(Thomas J. Schmidt, 1973)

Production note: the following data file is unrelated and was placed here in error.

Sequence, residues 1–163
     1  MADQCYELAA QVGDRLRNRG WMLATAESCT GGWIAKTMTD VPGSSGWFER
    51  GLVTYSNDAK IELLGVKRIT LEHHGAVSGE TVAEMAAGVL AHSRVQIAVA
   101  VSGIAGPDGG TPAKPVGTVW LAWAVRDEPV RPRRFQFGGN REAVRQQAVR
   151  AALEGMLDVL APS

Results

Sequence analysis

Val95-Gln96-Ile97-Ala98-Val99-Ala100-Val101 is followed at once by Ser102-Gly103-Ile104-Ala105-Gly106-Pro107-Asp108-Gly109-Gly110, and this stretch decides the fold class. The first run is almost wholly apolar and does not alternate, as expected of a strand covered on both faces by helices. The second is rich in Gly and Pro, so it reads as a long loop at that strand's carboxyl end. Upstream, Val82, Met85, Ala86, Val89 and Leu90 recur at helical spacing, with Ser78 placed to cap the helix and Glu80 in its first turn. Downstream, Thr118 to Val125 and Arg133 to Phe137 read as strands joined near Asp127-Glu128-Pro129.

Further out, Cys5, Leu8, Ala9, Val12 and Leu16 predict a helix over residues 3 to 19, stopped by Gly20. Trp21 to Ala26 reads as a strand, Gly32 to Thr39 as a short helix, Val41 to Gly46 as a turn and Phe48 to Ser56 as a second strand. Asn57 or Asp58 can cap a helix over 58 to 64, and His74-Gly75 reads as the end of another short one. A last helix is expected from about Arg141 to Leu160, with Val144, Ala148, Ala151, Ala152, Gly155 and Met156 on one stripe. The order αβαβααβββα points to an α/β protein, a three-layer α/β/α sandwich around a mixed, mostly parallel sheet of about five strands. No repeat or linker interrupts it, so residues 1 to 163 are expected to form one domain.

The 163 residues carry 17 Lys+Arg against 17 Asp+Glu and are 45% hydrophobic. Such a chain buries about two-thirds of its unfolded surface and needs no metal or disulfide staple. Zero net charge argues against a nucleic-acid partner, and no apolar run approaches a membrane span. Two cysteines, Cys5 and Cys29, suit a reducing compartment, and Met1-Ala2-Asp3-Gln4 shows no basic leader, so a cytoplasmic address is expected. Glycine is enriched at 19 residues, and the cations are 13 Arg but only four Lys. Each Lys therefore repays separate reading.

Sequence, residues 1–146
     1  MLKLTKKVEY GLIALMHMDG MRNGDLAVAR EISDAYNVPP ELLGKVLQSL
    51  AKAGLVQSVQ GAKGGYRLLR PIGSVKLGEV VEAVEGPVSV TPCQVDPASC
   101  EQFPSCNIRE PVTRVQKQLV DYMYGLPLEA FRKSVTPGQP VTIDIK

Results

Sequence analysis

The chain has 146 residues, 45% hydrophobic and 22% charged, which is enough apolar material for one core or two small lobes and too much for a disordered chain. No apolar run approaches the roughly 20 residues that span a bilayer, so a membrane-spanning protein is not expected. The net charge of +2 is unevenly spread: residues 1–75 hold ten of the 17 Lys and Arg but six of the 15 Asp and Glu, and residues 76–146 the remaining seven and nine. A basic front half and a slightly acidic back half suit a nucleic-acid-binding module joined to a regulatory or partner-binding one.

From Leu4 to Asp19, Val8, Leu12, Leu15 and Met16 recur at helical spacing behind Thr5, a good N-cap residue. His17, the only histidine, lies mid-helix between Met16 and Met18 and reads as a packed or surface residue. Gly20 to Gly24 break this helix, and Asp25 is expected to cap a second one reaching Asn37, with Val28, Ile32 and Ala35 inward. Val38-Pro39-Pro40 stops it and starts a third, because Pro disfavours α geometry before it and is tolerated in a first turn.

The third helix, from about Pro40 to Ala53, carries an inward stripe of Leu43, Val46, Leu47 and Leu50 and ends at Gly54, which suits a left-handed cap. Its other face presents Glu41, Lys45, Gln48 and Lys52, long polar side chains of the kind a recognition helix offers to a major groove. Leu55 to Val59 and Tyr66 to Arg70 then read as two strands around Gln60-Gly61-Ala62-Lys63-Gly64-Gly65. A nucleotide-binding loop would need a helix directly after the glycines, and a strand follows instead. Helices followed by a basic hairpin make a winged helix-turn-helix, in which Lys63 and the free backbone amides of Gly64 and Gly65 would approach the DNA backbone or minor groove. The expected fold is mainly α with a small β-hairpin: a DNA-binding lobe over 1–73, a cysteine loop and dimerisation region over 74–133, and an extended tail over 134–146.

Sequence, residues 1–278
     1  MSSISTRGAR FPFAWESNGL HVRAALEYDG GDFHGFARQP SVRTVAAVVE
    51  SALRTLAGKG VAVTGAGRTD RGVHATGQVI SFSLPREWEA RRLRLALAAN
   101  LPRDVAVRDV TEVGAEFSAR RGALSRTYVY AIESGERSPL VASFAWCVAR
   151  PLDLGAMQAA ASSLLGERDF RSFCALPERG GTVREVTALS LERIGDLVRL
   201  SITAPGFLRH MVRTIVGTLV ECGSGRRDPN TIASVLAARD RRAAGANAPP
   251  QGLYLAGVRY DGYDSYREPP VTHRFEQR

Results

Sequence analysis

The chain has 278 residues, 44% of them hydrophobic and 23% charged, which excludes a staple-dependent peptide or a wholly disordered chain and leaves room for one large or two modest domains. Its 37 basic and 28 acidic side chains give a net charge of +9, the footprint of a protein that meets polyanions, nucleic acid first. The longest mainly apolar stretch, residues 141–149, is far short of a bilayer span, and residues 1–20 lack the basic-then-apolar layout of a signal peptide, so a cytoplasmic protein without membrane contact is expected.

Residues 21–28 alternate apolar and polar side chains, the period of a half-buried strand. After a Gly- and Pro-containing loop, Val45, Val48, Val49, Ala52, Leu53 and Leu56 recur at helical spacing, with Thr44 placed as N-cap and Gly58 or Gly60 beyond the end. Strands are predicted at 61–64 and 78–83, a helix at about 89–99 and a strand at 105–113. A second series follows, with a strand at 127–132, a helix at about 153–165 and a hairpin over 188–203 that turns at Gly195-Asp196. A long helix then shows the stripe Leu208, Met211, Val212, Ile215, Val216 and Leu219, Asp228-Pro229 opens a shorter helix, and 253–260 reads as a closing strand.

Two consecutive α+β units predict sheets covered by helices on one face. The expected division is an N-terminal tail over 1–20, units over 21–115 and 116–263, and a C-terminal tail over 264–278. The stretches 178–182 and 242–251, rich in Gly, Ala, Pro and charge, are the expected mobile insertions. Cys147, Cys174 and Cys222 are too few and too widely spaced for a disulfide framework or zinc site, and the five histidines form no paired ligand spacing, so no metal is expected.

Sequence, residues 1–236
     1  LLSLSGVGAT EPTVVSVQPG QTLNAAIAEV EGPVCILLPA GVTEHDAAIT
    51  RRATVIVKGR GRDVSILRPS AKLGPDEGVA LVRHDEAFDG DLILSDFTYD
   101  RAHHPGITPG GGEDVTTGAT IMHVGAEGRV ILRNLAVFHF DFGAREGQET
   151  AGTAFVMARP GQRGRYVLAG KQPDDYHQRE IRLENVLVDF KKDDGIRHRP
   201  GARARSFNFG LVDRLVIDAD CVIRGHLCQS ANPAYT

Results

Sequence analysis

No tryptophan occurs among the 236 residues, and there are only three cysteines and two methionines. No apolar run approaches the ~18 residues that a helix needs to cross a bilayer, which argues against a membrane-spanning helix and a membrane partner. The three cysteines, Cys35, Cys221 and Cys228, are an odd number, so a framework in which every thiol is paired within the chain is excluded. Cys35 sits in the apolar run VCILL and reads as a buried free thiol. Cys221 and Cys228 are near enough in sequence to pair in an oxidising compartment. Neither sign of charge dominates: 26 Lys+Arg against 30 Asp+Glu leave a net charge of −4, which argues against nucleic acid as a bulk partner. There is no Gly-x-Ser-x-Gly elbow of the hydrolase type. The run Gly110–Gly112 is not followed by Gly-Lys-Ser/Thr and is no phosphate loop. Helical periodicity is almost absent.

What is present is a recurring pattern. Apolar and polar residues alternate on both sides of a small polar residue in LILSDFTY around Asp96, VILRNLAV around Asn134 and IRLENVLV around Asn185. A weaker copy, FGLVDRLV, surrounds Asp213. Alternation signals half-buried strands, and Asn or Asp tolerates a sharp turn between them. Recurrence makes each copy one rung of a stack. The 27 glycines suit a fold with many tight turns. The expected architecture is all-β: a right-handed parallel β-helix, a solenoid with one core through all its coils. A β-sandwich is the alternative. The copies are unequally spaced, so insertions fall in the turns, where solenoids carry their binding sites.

A very strange, boundingly trashy movie that is watchable mainly for its bizarre displacements. Having just graduated, a couple cute rich kids head for their parents' cottage in their parents' car - such rebels! In so doing they occasion a driving sequence which is like a funhouse ride of cheese - weaving all over the road, throwing their bras around, dissing cops and guitar-playing hippies and limp-wristed 'fags'. It's non-stop, outrageous, and very very bad. Soon though they pick up Michael Ontkean, as a manic-depressive Vietnam vet who gets extensive trippy-wavy tinted flashbacks where he recalls army discharge and encounter sessions. These are bad too but also kind of pretentious, in a totally failed way. Given Ontkean's unmotivated inciting rampage against a couple pool-playing louts, it stands to reason that he's the mass murderer they're prattling on about on the radio. But once they get to his guru pal's Big Sur retreat, it's pretty obvious pretty fast that we're in for a 'surprise'. In spite of the relentless parade of outrageous hairy freaks - including Pa Walton himself, Ralph Waite, as the lecherous guru - the wildly misfiring exuberance of the first half gives way to heavied-out psychobabble and dubious romantic interludes. Ontkean, an actual actor who actually acts, is as out of place as the surprisingly explicit commentary on post-traumatic stress. At the end, though, the bald hyperbole is restored, as they try to turn the whole thing into a horror movie by dint of a lot of screaming and some running around. One wonders, though, how the people who came up with this idea managed to avoid shooting an actual ending; the final seconds are desperately patched together with spit and chewing gum. The surprisingly clean, west coast 70s sunshine look of the whole thing only adds to the confusion.